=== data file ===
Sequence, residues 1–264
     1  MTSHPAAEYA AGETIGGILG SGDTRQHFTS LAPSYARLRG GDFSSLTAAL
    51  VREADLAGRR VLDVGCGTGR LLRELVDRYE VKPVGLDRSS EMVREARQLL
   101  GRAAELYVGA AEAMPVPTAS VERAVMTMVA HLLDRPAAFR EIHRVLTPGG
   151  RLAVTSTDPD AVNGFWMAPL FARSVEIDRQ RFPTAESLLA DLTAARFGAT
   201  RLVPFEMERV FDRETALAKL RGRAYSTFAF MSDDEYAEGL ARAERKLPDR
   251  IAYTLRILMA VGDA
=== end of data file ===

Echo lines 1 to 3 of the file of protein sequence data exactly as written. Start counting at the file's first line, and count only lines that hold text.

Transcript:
Sequence, residues 1–264
     1  MTSHPAAEYA AGETIGGILG SGDTRQHFTS LAPSYARLRG GDFSSLTAAL
    51  VREADLAGRR VLDVGCGTGR LLRELVDRYE VKPVGLDRSS EMVREARQLL